Carter’s, Inc. (NYSE:CRI) was a popular stock during the fourth quarter of 2013, with many hedge fund managers scooping up shares, including Chase Coleman of Tiger Global Management (who owns 5.7 million shares and is the second largest shareholder), Alan Fournier of Pennant Capital Management (2.9 million shares) and Panayotis Takis Sparaggis of Alkeon Capital Management (1.7 million shares). Other investors bullish on the children’s apparel retailer include Jonathan Auerbach of Hound Partners (who owns 2.4 million shares), Harris Associates (1.5 million shares) and John Lykouretzos of Hoplite Capital Management (1.1 million shares).
The $4.1 billion company, Carter’s, Inc. (NYSE:CRI), is providing apparel and related products exclusively for babies and young children. It owns two brands, Carter’s (for sizes newborn to seven) and OshKosh B’gosh (for newborn to 12), which are sold in department stores, national chains, specialty stores, and off-price sales channels as well as through more than 700 of the company’s own branded retail stores and online via its websites, carters.com and oshkosh.com.
Following the issuance of disappointing guidance during its third quarter earnings release in late October, the stock dropped 9% the following day, but ended the year roughly 6% higher versus its earlier trough. More importantly, the stock recovered all of its prior losses and then some after reporting stronger-than-consensus fourth quarter earnings and forward guidance in late February 2014.
The company’s results have benefited from strong growth in its Direct-to-Consumer (DTC) businesses, which includes sales from both its own branded retail stores and e-commerce. Combined with the launch of its e-commerce business in Canada and 106 new store openings in the U.S. and Canada planned for the year, the company should be able to meet net sales goal of 8% to 10% growth in 2014.
The retailer also has some margin improvement opportunities as it realizes efficiencies from its multi-channel distribution center, optimizes its retail expenses, review its non-merchandising spending and implements new technology systems firm-wide. In addition, the company’s decision to exit its loss-generating retail operations in Japan should aid profitability going forward. Combined with an ongoing share repurchase program, of which $267 million, or approximately 7% of its market cap, remains under its current authorization (after $454 million of buybacks in 2013), these initiatives should enable management to deliver on its 12% to 15% EPS growth target for this year.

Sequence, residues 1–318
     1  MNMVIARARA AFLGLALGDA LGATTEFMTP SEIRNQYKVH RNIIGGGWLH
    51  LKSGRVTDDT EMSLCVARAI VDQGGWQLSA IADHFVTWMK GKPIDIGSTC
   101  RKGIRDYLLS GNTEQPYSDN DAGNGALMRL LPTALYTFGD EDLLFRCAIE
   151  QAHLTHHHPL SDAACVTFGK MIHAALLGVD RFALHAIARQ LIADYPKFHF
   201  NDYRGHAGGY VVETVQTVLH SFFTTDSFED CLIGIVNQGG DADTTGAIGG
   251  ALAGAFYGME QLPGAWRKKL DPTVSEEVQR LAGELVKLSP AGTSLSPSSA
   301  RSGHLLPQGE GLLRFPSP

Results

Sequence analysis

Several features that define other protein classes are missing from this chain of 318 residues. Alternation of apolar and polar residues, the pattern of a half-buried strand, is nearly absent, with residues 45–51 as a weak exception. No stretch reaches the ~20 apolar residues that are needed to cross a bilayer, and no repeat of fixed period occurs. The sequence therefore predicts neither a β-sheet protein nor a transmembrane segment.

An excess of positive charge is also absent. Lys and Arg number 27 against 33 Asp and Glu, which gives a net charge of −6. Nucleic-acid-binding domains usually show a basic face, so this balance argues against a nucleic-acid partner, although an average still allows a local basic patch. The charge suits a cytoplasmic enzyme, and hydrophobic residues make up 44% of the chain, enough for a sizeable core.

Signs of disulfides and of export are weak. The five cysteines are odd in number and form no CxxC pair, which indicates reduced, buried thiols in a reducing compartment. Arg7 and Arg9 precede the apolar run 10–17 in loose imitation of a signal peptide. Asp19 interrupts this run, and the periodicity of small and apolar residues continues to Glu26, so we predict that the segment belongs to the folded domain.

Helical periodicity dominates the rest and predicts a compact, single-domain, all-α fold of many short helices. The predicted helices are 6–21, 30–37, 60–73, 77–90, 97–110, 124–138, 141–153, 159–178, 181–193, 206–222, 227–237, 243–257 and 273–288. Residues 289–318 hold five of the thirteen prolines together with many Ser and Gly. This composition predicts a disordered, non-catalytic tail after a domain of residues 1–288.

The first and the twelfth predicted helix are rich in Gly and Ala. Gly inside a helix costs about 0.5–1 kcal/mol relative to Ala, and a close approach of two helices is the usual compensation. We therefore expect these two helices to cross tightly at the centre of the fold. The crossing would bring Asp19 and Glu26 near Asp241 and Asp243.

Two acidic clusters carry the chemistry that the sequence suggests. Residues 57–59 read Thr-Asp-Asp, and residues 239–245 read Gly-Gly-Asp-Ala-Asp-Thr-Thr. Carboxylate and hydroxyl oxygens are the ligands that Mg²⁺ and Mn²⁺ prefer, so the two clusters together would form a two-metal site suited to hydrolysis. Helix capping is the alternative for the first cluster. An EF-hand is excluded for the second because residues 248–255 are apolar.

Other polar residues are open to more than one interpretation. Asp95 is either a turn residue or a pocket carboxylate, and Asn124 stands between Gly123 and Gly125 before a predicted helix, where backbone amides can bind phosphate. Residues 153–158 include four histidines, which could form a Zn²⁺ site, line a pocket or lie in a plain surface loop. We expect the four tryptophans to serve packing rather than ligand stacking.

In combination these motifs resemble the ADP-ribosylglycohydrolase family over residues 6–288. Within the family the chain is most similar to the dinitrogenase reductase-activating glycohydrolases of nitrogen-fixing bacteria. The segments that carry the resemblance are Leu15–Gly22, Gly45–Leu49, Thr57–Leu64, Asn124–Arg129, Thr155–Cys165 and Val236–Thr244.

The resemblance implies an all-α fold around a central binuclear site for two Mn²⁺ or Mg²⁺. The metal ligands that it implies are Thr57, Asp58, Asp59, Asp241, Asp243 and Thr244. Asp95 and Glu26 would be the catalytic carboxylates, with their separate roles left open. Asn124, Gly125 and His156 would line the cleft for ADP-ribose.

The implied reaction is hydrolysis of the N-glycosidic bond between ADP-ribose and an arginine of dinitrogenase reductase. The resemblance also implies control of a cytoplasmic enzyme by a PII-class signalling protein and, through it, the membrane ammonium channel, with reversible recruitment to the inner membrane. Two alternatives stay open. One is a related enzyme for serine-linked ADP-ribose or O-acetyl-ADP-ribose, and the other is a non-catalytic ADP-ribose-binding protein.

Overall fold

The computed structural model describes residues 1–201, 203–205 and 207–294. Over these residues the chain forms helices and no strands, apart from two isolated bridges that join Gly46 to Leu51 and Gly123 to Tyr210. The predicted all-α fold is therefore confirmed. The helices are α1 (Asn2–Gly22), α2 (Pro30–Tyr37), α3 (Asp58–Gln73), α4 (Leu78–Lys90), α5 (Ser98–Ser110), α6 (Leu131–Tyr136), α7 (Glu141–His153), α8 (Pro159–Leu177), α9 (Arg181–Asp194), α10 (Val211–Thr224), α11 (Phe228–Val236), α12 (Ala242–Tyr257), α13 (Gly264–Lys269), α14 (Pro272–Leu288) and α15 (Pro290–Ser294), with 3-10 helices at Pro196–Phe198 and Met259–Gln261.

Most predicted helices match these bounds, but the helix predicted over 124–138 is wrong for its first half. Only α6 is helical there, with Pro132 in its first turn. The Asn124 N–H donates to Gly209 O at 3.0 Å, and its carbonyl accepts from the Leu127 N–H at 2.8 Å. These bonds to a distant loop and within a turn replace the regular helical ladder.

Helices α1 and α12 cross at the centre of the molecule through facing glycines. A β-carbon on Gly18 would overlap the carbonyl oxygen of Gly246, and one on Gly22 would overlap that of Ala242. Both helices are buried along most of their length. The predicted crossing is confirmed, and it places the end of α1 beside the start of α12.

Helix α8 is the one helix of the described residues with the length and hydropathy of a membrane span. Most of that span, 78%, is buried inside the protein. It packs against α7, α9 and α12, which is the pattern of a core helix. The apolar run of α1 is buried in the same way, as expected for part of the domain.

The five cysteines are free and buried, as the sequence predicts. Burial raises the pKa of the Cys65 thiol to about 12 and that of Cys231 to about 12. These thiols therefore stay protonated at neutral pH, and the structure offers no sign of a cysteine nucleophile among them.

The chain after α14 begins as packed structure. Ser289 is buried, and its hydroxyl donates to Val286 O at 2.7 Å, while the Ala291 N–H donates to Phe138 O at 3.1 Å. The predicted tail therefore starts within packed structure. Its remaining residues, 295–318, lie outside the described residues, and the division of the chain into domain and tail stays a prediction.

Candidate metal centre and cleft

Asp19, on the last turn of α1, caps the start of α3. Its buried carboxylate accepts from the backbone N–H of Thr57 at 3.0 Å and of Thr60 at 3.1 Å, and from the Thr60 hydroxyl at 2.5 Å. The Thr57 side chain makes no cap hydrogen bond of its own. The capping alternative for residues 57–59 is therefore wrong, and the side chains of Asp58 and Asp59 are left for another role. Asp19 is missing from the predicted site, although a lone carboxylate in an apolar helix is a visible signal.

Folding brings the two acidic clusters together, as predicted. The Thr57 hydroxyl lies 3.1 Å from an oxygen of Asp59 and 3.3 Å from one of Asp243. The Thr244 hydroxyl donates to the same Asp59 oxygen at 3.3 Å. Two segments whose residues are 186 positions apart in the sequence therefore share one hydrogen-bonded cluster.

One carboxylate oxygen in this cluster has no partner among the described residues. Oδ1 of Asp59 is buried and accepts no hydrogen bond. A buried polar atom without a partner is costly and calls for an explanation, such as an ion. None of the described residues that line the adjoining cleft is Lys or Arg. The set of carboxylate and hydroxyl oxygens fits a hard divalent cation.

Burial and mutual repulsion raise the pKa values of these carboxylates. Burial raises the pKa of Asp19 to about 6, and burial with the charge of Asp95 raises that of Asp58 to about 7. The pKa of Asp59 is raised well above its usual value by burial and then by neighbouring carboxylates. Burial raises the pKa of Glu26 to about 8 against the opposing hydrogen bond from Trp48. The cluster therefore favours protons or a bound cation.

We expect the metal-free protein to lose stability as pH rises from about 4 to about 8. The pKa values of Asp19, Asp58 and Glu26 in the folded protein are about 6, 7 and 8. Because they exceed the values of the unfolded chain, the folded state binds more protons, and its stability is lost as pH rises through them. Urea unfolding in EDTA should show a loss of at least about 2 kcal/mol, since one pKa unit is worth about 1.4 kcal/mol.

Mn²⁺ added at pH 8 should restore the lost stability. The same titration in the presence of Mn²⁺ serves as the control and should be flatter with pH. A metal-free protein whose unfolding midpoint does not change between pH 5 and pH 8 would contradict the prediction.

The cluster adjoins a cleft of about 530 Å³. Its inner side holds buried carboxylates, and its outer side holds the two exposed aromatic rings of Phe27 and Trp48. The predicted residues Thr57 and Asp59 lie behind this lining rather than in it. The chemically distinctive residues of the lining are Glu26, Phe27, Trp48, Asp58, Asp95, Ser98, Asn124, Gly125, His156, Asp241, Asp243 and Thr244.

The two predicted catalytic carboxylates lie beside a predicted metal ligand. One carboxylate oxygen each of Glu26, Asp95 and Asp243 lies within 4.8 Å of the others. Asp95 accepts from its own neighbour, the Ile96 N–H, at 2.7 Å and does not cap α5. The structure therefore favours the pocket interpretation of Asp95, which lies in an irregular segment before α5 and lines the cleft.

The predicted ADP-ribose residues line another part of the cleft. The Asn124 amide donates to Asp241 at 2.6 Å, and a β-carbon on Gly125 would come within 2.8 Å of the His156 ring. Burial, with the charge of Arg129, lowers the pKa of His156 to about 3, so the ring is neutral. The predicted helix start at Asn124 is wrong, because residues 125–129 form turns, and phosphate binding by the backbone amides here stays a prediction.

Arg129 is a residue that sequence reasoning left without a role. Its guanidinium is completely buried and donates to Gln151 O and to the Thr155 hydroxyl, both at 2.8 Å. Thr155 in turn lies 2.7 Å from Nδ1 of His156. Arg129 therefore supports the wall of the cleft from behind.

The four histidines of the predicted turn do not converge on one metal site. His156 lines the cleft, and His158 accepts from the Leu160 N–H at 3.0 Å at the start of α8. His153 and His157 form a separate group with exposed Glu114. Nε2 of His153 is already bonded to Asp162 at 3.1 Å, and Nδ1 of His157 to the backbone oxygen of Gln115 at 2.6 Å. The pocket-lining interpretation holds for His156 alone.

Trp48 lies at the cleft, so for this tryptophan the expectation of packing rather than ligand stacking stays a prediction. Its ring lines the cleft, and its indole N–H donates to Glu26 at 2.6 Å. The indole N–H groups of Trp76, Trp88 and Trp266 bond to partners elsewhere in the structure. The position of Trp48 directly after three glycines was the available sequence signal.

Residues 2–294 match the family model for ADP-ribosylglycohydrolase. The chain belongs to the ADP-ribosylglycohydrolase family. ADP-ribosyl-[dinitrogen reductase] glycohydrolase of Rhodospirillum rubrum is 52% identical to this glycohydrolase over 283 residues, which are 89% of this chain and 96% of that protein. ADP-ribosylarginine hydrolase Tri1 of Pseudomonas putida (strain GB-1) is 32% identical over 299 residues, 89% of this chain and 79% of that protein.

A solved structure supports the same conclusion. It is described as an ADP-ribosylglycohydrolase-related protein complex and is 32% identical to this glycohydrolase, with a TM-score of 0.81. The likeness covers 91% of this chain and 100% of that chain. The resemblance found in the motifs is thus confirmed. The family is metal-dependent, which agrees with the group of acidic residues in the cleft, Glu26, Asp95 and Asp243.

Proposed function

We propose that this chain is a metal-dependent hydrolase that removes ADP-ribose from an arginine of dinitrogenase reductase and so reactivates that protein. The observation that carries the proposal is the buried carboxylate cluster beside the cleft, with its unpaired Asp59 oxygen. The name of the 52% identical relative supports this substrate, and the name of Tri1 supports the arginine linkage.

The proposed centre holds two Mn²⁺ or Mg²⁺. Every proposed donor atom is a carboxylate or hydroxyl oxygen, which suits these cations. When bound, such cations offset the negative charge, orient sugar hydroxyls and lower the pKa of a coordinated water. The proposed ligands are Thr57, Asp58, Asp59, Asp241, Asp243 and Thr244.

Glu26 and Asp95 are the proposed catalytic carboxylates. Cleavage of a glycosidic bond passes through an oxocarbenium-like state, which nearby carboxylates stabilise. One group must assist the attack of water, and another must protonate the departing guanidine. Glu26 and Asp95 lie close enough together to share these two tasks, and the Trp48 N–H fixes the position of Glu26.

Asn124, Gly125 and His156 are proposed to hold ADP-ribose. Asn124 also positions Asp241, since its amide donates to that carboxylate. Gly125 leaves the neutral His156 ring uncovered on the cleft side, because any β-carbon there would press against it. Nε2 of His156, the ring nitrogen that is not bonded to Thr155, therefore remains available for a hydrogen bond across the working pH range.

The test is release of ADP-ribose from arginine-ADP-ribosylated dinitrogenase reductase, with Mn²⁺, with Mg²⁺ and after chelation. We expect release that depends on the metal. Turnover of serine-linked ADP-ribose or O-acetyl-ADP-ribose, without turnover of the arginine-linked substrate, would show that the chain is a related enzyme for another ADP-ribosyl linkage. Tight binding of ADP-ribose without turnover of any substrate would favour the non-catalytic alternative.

Relative to its peer group of apparel, accessories and luxury goods retailers, Carter’s, Inc. (NYSE:CRI)’s valuation is not demanding, trading at a discount on a forward EV/EBITDA basis (10.2X versus 11.5X for peers) but a slight premium on a forward P/E basis (19.6X versus 19.0X for peers). Fundamentally, the company’s metrics are better than average, with higher margins (in terms of EBITDA, operating income and net income), returns on invested capital and growth (on the top and bottom lines). Its balance sheet also looks sound, with interest coverage of 27.9X (versus 14.5X for peers) and net debt / EBITDA of 0.8X (versus 2.4X for peers). While free cash flow was only $27.2 million in 2013 (due to heavy investments in its retail stores, a new distribution center, technology initiatives and a new headquarters facility), this is expected to increase to $115 to $150 million in 2014 as capital expenditures decline.
In short, the outlook for Carter’s, Inc. (NYSE:CRI) is positive, as continued growth from its retail and e-commerce operations and improving profitability (which is already above the levels of peers) combine to deliver improving cash flows to shareholders, in the form of both dividends and share repurchases (the stock’s dividend yield is only 0.8% but still above the peer group median of 0.0%).